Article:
Importance of music in my life | Teen Ink
“If Music Be the Food of Love, Play On!” -William Read on to hear about their playlists and decipher what they reveal about each relationship. Noisey. Essays. |. by Lauren O'Neill. |. Jun 22 , am In fact, you'll probably absolutely love it – how could you, after all, resist its often we have very little idea about the real lives of the people who make the music we love, and yet, to a failed relationship, the first significant one in year-old Lorde's young life. Free Essay: Introduction “We Found Love” is a popular song produced by Calvin Their relationship is distinguished by domestic violence as the couple is seen The main problems with the music video and lyrics of “We Found Love” are the .
As far as I could tell, there was nothing theoretical about identifying an augmented sixth chord. Once in a class I remarked that a Beatles song had the same flat sixth as the Schubert sonata we were looking at; everyone stared at me as if I'd just escaped from a mental ward.
My theory studies had only a glancing relationship to my history courses, and neither had much relationship to my piano lessons with Prof.
Essay: How music plays a vital role in 'Her' | CPR
It seemed, in fact, as if these were three parallel but largely unrelated courses of study. One aspect of the music curriculum topped all of these.
Looking through the course offerings I came across a prerequisite for the major: The best she could come up with was that you would learn which works of music were masterpieces.
In other words, you would be told. I looked in vain through the science offerings at Brown to see if they included Thermodynamics Appreciation or Calculus Appreciation. That was and this is more than three decades later. Virtually every school or department of music now offers courses in popular and world musics. Yet if you look closely at music curricula today where music appreciation is alive and wellat the offerings of most symphony orchestras, opera companies, and chamber music societies, once you peel away the veneer it seems that the more things change, the more they stay the same.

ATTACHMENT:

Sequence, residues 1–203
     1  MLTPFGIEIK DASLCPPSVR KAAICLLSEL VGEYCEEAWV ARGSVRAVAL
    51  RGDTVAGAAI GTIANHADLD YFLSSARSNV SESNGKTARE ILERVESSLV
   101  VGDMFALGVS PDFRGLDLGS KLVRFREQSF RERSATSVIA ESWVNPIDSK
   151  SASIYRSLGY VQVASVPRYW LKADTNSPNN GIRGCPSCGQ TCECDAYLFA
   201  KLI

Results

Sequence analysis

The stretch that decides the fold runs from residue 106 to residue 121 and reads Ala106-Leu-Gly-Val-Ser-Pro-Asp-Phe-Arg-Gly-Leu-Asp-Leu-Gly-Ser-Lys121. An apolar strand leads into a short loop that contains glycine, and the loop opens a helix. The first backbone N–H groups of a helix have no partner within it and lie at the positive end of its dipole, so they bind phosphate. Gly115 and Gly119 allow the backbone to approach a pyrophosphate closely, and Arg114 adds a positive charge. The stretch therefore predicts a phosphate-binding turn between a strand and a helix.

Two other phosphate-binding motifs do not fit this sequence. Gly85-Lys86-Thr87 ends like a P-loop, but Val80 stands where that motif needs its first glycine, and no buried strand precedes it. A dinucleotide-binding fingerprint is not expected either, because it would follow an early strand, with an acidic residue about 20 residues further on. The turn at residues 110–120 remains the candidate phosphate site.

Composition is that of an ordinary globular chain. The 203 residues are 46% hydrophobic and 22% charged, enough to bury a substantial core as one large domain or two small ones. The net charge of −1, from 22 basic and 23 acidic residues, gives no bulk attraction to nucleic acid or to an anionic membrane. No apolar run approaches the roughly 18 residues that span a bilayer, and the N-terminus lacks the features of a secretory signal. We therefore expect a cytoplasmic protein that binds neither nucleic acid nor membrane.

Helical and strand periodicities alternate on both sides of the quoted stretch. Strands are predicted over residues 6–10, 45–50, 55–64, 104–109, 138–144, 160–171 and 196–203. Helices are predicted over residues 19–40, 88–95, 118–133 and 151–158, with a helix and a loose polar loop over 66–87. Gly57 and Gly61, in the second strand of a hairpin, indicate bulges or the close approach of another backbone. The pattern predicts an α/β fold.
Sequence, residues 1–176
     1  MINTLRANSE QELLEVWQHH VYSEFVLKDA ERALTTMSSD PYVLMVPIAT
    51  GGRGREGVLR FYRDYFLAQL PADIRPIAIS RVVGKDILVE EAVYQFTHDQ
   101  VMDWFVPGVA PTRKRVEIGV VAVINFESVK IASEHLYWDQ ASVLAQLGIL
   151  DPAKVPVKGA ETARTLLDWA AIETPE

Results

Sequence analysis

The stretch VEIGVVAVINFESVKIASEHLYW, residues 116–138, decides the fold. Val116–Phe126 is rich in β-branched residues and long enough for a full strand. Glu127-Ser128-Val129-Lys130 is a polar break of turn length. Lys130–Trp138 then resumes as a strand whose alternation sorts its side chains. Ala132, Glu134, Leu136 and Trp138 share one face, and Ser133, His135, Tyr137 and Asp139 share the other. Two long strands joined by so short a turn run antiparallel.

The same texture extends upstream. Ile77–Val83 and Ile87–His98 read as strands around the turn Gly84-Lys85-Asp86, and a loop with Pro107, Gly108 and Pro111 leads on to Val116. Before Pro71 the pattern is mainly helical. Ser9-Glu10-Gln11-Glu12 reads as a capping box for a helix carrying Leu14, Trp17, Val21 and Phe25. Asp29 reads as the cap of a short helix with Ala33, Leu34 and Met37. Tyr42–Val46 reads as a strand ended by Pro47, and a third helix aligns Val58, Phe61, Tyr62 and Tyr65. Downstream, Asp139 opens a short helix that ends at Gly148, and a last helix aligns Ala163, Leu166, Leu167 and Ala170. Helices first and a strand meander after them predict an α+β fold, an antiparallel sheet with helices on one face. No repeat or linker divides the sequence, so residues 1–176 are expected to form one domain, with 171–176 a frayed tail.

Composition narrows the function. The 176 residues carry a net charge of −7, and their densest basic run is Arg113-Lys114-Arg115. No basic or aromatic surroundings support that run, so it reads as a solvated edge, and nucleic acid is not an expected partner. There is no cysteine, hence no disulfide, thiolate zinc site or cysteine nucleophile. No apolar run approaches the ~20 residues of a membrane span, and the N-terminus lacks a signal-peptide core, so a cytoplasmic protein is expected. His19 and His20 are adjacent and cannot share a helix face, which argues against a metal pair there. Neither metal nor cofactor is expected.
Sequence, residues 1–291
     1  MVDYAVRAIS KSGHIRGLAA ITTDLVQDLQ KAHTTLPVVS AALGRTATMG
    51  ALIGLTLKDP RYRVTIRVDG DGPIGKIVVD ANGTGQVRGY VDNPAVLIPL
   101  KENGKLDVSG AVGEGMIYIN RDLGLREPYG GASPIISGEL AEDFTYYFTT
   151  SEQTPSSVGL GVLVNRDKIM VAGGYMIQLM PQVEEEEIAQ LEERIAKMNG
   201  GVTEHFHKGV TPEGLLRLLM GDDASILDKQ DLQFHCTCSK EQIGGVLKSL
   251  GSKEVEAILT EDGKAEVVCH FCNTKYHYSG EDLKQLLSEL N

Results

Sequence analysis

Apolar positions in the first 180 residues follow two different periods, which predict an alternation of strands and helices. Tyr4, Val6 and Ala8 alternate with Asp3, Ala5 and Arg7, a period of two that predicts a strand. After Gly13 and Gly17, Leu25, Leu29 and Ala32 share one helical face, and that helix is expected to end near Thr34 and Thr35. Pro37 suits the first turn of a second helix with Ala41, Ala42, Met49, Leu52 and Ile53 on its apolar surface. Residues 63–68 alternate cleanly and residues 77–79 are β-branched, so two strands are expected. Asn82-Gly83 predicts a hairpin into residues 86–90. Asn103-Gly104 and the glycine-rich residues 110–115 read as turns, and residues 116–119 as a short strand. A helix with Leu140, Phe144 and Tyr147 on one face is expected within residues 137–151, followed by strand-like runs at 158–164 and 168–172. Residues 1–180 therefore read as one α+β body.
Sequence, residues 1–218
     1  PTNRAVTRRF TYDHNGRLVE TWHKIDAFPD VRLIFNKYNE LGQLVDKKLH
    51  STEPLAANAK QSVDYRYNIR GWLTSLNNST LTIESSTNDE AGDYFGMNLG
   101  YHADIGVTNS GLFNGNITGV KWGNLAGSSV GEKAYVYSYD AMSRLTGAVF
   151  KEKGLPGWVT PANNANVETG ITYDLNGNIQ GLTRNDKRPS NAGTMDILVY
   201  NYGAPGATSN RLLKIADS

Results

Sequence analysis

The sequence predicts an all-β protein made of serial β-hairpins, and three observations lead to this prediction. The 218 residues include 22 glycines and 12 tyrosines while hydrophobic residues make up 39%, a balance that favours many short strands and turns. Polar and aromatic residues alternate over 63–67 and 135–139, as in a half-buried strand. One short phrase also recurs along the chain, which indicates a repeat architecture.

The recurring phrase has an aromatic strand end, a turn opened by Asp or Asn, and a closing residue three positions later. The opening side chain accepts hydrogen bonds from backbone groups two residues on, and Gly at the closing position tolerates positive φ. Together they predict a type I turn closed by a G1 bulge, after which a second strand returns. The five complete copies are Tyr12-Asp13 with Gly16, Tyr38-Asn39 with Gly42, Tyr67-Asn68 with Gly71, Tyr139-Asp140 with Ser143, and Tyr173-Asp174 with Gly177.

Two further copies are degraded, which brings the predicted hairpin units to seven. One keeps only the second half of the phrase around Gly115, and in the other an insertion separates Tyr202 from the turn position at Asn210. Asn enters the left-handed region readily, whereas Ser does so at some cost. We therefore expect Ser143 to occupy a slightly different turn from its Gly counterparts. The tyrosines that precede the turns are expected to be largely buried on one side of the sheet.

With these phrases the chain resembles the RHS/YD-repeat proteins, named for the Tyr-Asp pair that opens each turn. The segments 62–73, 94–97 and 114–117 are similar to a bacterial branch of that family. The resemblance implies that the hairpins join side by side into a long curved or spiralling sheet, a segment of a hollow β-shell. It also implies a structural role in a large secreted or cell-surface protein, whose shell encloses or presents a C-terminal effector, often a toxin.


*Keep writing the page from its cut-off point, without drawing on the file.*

So here, in a whimsical spirit of constructive change, are a few suggestions for rethinking Western music in three decades of teaching at UCLA I've had the chance to try them out on about 10, undergraduates and 1, graduate students: Kids suspect as much.
You then have the opportunity to point out that the same was also true with Japanese and Chinese court music, or with the music of the Aztecs. Now you can have a conversation. It is no accident that opera is the only form of classical music today that is actually growing.
Kids raised on multimedia take to opera like the proverbial duck to water meanwhile, appreciation textbooks continue to marginalize opera, finding it too messy to teach and performances too expensive to license. Introduce Beethoven as the offspring of an abusive alcoholic and a depressed but enabling wife talk about gaining sympathy ; present Franz Schubert as someone who had a strong homosexual component to his life; introduce Hector Berlioz or Robert Schumann or Gustav Mahler as composers who struggled with bipolar disorder manic-depressive illness.
Along with their creative achievements, don't shy away from examining their politics, their religious beliefs, the means by which they made a living, even their relationships and offspring. Their achievements will be more human and therefore arouse more interest. A case in point is John Adams, arguably America's best known composer of concert music.
Almost immediately he picked up and moved to San Francisco where he still resides. Was it the weather?
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Many New Englanders might agree. I recall with great pleasure having Mr. Adams as a guest in a seminar for arts presenters that I led several years ago. I began by asking him about his background. It wasn't long before one of the participants asked: But that, he continued, was not his primary reason. And just up the road at Mills College was minimalist pioneer Steve Reich. My presenters were speechless—and then delighted. As an entry point into the musical from an interdisciplinary approach, the opening lines serve as an effective foundation.
Aaron Burr refers to Alexander Hamilton using three insulting names: After playing a recording of just that opening line, a few initial questions help students to frame the issues: Why does Burr call Hamilton all three of these insulting names?